New Big Ten starting quarterbacks combine for 8-1 record

Posted at 5:14 PM, Sep 15, 2016
and last updated 2016-09-15 17:14:36-04
(AP) -- So far, the Big Ten coaches who picked new starting quarterbacks this season have had no regrets.
The five first-year starters have a combined record of 8-1, three are in charge of teams ranked in the top half of the Top 25 and each is completing at least 60 percent of his passes.
Wilton Speight of No. 4 Michigan has the seventh-highest passer rating in the country and a conference-leading seven touchdown passes. Bart Houston of No. 9 Wisconsin overcame a shaky start to help lead the Badgers' season-opening upset of LSU. Tyler O'Connor of No. 12 Michigan State completed 72 percent of his passes with three TDs against Furman in his only game.
Indiana's Richard Lagow has yet to throw an interception in two games. Though turnover-prone, Penn State's Trace McSorley has shown to be a good fit for his team's new spread offense.
A closer look at the new starters:
OK, Speight was intercepted on his first pass of the season. He hasn't thrown once since and is completing 70 percent of his throws. With 10 pass plays of 20 yards or longer through two games, he has given the Wolverines (2-0) a downfield threat. He's been sacked just twice.
Last Saturday, when Michigan struggled to run against UCF, Speight was 25 of 37 for 312 yards and four touchdowns.
Coach Jim Harbaugh said he's been impressed with Speight's arm strength and, more recently, the touch he's developed.
"He's an ascending player in all regards," Harbaugh said. "The good thing about Wilton has been that his improvements have stuck. Once he takes a step forward or two steps forward, you don't see the step back."
Wisconsin fans were a bit worried during the opener against LSU. Houston threw a horrid interception into triple coverage and had another pass picked off and returned for a touchdown. But with the Badgers (2-0) down 14-13 in the fourth quarter, Houston completed all three of his passes on the drive that set up their winning field goal.
The 23-year-old Houston has thrown no interceptions since, and he was extremely sharp in the Badgers' easy win over Akron last week.
"I'm proud of the way he competes and approaches every day with a sense of urgency," coach Paul Chryst said. "I felt he's certainly made some good throws and plays for us. Also, I thought he's handled it when it hasn't gone well. There are a lot of things and areas we can work on and need to improve, but I love his approach."
The play-calling was limited when O'Connor helped lead Michigan State to its upset of Ohio State in Columbus in his only start last year, and the full breadth of the offense wasn't on display when he went 13 of 18 for 190 yards and three TDs in the 28-13 win over FCS Furman in the opener.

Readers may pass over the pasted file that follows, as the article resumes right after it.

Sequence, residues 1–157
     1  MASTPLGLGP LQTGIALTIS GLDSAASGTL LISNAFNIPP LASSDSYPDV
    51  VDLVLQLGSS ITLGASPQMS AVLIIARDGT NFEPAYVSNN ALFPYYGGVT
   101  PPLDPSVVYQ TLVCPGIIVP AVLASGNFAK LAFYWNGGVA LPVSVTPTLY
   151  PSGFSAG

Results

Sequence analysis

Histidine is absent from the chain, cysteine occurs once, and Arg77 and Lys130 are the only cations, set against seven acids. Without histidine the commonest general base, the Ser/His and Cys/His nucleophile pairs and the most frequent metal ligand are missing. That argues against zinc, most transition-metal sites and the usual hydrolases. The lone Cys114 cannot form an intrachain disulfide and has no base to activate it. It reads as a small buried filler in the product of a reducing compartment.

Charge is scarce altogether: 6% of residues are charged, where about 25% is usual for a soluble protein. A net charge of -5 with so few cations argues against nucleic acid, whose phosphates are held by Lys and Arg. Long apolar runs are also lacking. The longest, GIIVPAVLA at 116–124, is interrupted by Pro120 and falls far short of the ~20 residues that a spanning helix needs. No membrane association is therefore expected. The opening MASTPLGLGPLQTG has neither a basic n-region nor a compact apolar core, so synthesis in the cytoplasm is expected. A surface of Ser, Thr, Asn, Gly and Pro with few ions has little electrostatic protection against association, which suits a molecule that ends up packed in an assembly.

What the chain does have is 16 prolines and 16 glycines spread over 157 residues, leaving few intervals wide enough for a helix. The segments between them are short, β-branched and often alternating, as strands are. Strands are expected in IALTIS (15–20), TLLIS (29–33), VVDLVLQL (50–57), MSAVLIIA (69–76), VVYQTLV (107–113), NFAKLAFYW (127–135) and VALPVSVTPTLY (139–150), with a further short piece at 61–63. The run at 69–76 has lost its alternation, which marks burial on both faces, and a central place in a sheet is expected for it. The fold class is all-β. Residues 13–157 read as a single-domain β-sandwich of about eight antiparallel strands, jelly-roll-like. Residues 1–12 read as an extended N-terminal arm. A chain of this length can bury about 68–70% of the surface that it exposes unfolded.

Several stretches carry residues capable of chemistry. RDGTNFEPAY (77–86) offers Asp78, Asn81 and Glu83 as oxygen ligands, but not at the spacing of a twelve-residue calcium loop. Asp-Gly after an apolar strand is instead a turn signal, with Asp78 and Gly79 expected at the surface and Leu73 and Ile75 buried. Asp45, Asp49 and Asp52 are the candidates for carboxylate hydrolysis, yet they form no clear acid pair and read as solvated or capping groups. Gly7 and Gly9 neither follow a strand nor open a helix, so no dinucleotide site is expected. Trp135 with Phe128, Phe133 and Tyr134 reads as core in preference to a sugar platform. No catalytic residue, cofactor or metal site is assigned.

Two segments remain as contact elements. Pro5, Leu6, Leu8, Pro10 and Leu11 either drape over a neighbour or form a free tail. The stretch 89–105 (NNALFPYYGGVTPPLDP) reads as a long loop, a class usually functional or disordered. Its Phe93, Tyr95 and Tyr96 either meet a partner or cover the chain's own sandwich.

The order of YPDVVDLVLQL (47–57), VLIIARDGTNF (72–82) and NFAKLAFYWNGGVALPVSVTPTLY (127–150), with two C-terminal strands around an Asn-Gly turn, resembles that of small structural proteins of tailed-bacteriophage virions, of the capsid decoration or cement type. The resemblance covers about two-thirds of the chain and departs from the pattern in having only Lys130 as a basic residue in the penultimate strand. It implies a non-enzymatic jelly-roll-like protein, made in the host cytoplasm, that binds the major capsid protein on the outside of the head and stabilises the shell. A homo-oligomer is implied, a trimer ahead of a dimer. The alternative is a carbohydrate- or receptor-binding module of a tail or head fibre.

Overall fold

Saturday's game at No. 18 Notre Dame will be a better gauge. O'Connor's experience at Ohio State last year should help.
"He's going to have another opportunity to grow this Saturday night," coach Mark Dantonio said.
The junior-college transfer is third in the Big Ten with 253 yards passing per game, and he's hitting 64 percent with no turnovers.
He completed his first six passes and finished 17 of 27 for 266 yards and three TDs as Indiana (2-0) beat Ball State 30-20 last week. Through two games he has nine pass plays of 20 yards or longer, including a 79-yarder for a TD against Ball State.
"For sure he's met our expectations," coach Kevin Wilson said. "He's had very few decisions that have been questioned as far as, `Why are you going there forcing the ball?' I don't know if he's exceeded expectations, but he's played really good out of the gate."
McSorley's has decent passing numbers for Penn State (1-1) -- a 61-percent completion rate, 271 yards a game, three touchdowns, one interception.
His biggest issue is fumbles. In the 33-13 win over Kent State, one of was returned for a touchdown. In the 42-39 loss at Pittsburgh, two of his fumbles led to Panthers touchdowns.
Coach James Franklin said McSorley has managed the games well and has mostly made good decisions.
"The area we have to get better is securing the ball as a ball-carrier or getting hit in the pocket," Franklin said. "Too many balls on the ground. That's the main thrust for us. First two starts, he's done some nice things."